Jews have – without doubt – suffered more psychologically than any other ethnic group during lockdown.
For a start we are the worlds’ worst when it comes to observing social distancing. Just don’t even go there. Jews simply do not do this in any shape or form. Being demonstrative is part of our core being, our genetic make-up. When we gather we hug, we kiss, we handle, we schmooze, we schlep, we confide, we gossip. But distance? Forget it! The observation that, at social gatherings, you can tell the difference between Jews and non-Jews is probably not apocryphal: non- Jews leave and don't say 'goodbye' but Jews say 'goodbye' then don’t leave.
With limited religious activities set to begin in June, like silent individual prayer in churches, the minister for culture and religion concedes that this 'favors' some religions over others. And, yes, again we Jews are at a profound disadvantage. Because we don't do 'silent' in Shul terribly well. On Shabbat we know that there are far too many of our brethren to catch up with, whom we may not have seen or spoken to or gossiped with for at least a week. Two metres social distancing will mean that it is still just possible to have a catch up with the person who has just moved two aisles in front, although it may involve rushing through the Musaf Amidah (or even - God forbid - skipping the last few pages) for the privilege. Chutzpahdick can personally attest to the fact that, with judicious timing and a little bit of luck, all friends can be visited, all gossip gleaned, and all opinions voiced with a timely return to one’s seat just in time for the highlight of the service when 'Geoffrey's Notices' spring to life. This invites the games of 'correction' and 'interruption' and a chance to repeatedly shout out 'Mazeltov' in staccato fashion.
Chutzpahdick wonders what will be the mechanics of the brave new landscape confronting us when Shul resumes. Logistical difficulties are likely to abound, not least concerning the Sefer Torah, where newly introduced Covid 19 instructions (Guide for a Safer Sefer, You Gov, 89 (3)) will have to be followed in tandem with Halachic guidance. Will all congregants be advised to wear special Shabbat masks, or can these be left to one's ingenuity with a little bit of the Venice Masked Ball thrown in to invite an air of mystery? After all - who really knows what the High Priest wore on his face during the Temple Service?
As we begin to emerge blinking, like butterflies from chrysalises, a thorny issue awaits for us to navigate. Jews, being naturally gregarious types, have for months become more accustomed to meeting up in hyperspace. A few weeks ago, the new directive of being allowed to invite first one then two couples to take tea in one's garden, whilst welcome, created a conundrum. Debretts is tantalisingly silent on invitation etiquette post lockdown. Do we prioritise, out of pity, our invitations to friends who live in flats because they don't possess a garden and so are unable to entertain? Or friends who are living alone and slowly going stir crazy? Do we simply invite those whom we were going to ask many months ago before the invitation was cancelled? Or those we simply ran into on our last walk, the same as the previous one hundred walks, when we casually said 'you simply must come over when this wretched Covid business is all over'?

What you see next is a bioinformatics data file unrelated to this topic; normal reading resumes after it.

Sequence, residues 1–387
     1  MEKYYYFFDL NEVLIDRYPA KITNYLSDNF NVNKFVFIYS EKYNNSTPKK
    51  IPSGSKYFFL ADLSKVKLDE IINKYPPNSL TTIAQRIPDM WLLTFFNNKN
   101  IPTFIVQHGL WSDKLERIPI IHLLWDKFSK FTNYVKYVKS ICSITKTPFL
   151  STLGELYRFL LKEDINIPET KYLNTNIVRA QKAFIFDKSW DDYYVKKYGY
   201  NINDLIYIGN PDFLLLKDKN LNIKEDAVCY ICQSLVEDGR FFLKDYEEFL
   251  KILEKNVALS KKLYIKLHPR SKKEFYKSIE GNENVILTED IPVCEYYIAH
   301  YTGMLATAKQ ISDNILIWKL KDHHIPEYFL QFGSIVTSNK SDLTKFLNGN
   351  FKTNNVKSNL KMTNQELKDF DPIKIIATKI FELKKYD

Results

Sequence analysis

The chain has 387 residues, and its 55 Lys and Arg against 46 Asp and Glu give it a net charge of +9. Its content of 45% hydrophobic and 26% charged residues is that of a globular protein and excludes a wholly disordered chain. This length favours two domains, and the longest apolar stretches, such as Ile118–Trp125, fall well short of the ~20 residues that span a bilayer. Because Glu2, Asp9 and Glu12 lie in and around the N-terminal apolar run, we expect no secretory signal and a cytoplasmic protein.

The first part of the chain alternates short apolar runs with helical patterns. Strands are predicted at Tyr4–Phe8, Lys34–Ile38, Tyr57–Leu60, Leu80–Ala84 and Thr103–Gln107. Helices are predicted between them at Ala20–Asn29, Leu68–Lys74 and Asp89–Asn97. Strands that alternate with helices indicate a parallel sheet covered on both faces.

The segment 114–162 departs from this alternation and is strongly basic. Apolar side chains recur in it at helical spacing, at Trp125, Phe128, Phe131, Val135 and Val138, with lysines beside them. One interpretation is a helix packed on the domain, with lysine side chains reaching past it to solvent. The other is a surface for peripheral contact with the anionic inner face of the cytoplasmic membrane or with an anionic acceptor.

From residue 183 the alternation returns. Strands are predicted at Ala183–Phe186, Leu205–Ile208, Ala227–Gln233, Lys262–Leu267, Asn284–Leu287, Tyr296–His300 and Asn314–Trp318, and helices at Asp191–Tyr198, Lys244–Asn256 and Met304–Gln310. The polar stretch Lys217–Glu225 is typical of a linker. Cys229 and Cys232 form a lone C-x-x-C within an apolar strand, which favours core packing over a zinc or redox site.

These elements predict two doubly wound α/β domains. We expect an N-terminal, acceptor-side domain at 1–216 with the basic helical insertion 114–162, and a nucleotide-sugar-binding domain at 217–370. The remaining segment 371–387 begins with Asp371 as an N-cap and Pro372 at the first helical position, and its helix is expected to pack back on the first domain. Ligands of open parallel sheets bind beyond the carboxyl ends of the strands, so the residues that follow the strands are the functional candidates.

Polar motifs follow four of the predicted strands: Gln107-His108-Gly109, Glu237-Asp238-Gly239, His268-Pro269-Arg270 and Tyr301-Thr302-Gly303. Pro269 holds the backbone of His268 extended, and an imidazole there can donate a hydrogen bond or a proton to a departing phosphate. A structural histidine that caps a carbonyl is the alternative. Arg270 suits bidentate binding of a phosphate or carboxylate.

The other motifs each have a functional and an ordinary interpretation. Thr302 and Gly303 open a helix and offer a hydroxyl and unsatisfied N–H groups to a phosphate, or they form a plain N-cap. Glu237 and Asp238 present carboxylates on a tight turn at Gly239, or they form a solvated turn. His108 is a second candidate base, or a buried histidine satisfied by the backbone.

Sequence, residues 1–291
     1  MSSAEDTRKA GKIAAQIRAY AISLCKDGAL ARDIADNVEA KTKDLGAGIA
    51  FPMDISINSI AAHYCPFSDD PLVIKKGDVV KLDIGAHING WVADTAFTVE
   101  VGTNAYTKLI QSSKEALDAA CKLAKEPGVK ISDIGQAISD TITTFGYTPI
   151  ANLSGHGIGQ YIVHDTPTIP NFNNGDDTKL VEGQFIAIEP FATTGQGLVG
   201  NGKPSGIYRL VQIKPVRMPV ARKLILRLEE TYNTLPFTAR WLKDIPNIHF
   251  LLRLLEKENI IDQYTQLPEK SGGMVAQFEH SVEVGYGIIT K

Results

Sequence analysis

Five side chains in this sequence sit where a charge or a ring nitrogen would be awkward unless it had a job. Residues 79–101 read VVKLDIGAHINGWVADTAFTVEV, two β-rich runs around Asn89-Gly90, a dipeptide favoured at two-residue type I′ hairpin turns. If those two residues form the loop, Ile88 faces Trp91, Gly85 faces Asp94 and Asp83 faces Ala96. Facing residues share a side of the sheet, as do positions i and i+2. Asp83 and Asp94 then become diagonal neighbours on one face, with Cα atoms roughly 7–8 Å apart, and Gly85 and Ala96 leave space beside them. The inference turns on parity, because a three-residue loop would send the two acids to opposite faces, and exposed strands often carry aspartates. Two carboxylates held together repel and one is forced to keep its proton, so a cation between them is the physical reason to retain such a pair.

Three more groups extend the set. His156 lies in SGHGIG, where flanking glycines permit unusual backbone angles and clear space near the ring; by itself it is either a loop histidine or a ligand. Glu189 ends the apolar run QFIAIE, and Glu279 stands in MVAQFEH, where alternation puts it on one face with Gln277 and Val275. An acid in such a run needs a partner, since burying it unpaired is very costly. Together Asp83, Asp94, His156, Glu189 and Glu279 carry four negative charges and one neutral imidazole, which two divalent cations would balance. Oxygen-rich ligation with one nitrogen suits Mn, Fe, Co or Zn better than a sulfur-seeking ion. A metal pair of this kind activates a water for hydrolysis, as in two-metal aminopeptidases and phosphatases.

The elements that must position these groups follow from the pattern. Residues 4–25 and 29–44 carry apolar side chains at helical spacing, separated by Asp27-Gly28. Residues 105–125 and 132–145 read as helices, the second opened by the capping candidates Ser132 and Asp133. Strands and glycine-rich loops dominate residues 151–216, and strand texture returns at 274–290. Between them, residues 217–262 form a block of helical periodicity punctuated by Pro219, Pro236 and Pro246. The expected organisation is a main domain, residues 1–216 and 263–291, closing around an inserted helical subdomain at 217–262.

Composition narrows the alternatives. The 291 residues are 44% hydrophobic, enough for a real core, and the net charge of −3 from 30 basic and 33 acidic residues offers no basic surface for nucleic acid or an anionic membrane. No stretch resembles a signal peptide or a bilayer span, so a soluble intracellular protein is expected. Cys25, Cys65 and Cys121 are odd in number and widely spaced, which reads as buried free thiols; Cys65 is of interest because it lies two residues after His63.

And, finally, the tricky issue of 'which boobe in the bubble'. A few weeks ago, as part of the continuing relaxation of lockdown restrictions, it was announced that one household could form 'a bubble' with one other person living alone. An emotional – and timely – way to see the solitary grandparent. But wait – if (for example) there are two solitary boobes, which one goes in 'the bubble'? Oy, oy, oy, oy, oy ... broiges time! One can imagine two grandmothers sitting two metres apart on a bench (only one metre apart next week) with one saying 'of course they invited her mother, always her side of the family comes first'.
Sadly, Chutzpahdick realises that, with the Covid landscape changing rapidly day by day and week by week, this account will be, by the time of the Rosh Hashonah CV, somewhat historical (if not hysterical).
One can only hope that – by then - the only 'second wave' which materialises takes place as people leave for holidays, etc.
Friday 29th January 2021